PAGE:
China's manufacturing activity in September continued to remain in the phase of contraction, increasing the concerns over the slowdown in the economic growth of the world's second largest economy.
Data released by the China Federation of Logistics & Purchasing Monday showed that the Purchasing Managers' Index (PMI) rose to 49.8 in September, up from 49.2 in August. But the index remains in the area of contraction since the reading is below 50. The continuing shrinking of the manufacturing activity would increase fears of the likelihood of a sharp retardation in the economy.
The contraction of manufacturing activities in September is a reflection of the deteriorating export situation, which calls for more aggressive policy easing.
This news came after last month the preliminary HSBC Flash Purchasing Managers Index (PMI) showed that China's manufacturing activity stabilized in September compared to that in August. The preliminary reading of the PMI, a measure of the nationwide manufacturing activity, rose to 47.8 in September, compared to 47.6 in August.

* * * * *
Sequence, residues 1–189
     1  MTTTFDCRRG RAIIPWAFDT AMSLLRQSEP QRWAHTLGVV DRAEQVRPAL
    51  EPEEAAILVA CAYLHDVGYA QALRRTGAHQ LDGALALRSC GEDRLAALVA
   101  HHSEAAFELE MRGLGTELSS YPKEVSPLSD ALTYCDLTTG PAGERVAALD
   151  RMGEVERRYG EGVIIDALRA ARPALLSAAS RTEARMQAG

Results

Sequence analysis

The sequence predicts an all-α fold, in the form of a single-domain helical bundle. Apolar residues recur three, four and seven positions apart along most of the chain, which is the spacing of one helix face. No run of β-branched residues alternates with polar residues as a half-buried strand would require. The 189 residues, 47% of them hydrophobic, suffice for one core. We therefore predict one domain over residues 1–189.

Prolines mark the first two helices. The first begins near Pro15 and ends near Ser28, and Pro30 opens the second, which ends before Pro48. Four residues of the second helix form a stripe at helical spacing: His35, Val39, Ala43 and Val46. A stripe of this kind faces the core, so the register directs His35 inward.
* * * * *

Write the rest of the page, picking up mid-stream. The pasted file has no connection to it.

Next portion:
There have been fears of a hard landing after data showed in July that China's economy slowed down to 7.6 percent in the second quarter, down from 8.1 percent in the first quarter. Beijing is targeting a growth rate of 7.5 percent this year. In 2011 and 2010, the economy grew 9.2 percent and 10.4 percent respectively.
Last month, China reported a trade surplus of $26.66 billion in August amid the slower-than-expected growth in exports and imports, raising the concern that the country wasn't doing enough to stimulate the economy and avert a slowdown. Exports advanced just 2.7 percent in August, compared to that in the same month last year, up from 1 percent in July. Imports dropped 2.6 percent in August compared to that in the same month last year, down from 4.7 percent rise in July.
The continuing debt crisis in Europe and the tentative U.S. recovery have hurt the demand for exports, the key driver of China's economy. The International Monetary Fund has warned that the escalation of the euro zone debt problems could slash China's 2012 GDP growth in half.
Beijing's goal this year will be to promote a steady and robust economic development, keep prices stable and guard against financial risks by keeping money and credit supplies at appropriate levels while being cautious and flexible. China's investment-driven economic model, though successful for decades, is no longer seen as sustainable with the consensus being that reforms will be needed to prevent a sudden downturn.